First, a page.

The user centred design process is a project approach that puts the user of a site at the centre of its design and development. This guarantees that the site will be easy to use and focuses the designer on providing a better experience for real customer needs. There are 4 stages that include many different tools and techniques to help you along the way.
With every business solving a problem at it’s core, the main idea of UCD is to achieve a greater understanding of the problem by including the customer in the design process early and empowering you with various research techniques. Using this information you can propose a solution that is simple to use, understand and have the security that any problems with the design are fixed along the way through constant testing.
This is an iterative process meaning that once the process is completed a new cycle can begin using the new data to kick start the process again.
The first phase of the UCD is the Research & Analysis section, this is where we try to really understand who we are designing for. I would argue that this is the most important piece of the whole design process because there are various activities here that can really help you during the rest of the project.
Creating Personas can bring to life your users and help you understand their tasks better. You can really include some detailed descriptions here using any data that you have gathered on your customers. I really like the website YouGov profiles at today.yougov.com/profileslite here you can type in any brand, person or thing and the system compiles a profile from their stored data on over 150,000 accounts to give you a great description of your user. It’s worth a try as the free data is really good.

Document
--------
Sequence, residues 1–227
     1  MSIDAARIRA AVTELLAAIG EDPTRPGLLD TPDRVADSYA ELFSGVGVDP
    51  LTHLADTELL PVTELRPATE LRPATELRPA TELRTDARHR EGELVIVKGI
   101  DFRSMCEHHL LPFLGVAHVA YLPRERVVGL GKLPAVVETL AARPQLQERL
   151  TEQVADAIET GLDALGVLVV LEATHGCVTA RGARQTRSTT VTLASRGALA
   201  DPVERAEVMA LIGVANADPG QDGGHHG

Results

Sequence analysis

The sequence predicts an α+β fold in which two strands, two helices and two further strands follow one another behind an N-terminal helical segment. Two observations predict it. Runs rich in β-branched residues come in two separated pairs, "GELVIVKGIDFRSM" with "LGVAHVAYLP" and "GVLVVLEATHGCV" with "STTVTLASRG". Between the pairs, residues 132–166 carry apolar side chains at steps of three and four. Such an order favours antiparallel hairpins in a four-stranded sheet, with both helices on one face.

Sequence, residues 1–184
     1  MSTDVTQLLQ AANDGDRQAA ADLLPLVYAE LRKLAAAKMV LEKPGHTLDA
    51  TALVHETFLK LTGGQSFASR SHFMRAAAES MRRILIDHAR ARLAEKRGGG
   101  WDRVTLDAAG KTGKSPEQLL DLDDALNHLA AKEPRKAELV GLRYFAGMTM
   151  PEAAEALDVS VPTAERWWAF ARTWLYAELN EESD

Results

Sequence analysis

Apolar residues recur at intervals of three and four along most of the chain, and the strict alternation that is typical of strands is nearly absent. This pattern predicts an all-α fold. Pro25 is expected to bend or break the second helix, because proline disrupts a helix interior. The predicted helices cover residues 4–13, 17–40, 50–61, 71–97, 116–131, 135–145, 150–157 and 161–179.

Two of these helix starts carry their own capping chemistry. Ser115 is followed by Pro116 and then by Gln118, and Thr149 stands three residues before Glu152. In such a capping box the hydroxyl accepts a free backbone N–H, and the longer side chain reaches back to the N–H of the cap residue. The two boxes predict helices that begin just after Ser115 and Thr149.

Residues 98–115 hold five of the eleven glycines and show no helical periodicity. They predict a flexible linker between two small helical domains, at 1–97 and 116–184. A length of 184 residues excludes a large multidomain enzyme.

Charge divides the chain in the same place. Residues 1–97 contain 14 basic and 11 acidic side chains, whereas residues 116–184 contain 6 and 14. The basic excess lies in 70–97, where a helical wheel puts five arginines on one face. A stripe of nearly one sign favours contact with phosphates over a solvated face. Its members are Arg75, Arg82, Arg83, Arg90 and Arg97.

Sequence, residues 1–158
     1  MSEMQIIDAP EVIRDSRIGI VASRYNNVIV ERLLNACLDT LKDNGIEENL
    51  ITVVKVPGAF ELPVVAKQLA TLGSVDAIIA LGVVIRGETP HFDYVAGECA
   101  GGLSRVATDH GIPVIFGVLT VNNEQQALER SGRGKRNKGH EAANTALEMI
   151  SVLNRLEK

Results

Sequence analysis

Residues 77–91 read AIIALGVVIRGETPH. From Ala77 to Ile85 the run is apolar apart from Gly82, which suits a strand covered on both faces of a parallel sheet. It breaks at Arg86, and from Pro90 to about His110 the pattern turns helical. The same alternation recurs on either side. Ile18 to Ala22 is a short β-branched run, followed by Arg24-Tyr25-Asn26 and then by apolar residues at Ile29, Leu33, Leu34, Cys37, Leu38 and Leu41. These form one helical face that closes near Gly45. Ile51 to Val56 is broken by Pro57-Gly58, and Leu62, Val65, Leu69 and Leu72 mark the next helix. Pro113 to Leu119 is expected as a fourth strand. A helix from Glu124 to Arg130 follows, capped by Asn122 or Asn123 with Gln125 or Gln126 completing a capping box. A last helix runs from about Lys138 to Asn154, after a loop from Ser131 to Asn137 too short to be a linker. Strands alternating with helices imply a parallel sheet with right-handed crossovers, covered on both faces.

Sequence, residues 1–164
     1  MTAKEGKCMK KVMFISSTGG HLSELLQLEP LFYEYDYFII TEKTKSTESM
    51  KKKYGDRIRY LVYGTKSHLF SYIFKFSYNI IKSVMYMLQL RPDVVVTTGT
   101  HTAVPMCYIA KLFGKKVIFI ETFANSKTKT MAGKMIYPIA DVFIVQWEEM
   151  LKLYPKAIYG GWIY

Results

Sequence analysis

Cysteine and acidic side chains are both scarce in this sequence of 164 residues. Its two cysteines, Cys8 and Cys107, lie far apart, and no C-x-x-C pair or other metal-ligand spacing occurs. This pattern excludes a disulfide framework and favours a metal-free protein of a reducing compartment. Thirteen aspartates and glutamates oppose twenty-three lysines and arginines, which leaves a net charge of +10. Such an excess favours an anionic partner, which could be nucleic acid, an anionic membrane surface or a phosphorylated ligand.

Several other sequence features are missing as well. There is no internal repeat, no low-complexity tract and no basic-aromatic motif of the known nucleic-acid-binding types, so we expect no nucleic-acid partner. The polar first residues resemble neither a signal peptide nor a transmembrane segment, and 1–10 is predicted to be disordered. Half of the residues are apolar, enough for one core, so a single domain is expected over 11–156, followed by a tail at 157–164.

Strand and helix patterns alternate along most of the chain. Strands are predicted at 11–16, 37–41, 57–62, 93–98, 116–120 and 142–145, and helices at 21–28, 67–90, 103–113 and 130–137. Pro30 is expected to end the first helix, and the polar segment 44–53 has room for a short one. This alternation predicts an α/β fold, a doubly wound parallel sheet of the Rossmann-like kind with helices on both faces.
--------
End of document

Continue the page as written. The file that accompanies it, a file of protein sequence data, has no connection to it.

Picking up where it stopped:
Asking users questions through surveys can gather some useful information. It’s really useful when customers just tell your their expectations. Survey Monkey is my go-to tool for surveys as they have a great feature where you can select certain demographics and the system will send out your survey and get results for your desired number of participants. This comes at a fee but is well worth it if you work in a company and don’t have any current customers to send the survey to.
Another important task during the research phase is to perform interviews with colleagues and stakeholders on the project. This really makes sure that you are meeting all the business requirements and everyone really feels like they are part of the design process from the beginning. I found this a great thing to do at the start of the project to integrate myself into the team and make everyone else feel valued.
Once we have a deeper insight into the problems our users are facing we can get going on the ideation phase of the project. This is where we can really have some fun and get creative. But before we actually start sketching page designs it’s really important that we take a look holistically at the entire journey that the customer will go on when using our product or service. Most of the time we are designing within a system and it’s essential to have an understanding of how everything fits together. When we understand the machine we can then design the individual parts with greater precision.
Stories have defined our world, they have been with us since early human history and can convey a message that touches our soul. To tell our user’s story we are going to use a process called customer journey mapping. This is a technique where we illustrate the entire process we are designing for. How you illustrate this is up to you, it could be simple text or it could be a wonderful colour illustration. I found that the bigger the better. When I was working in a global company we had a large industrial printer and I had the customer journey map printed off about 10 foot long and stuck up on the wall of the office. This really is a great way to get the whole team involved, just watch the printing bill!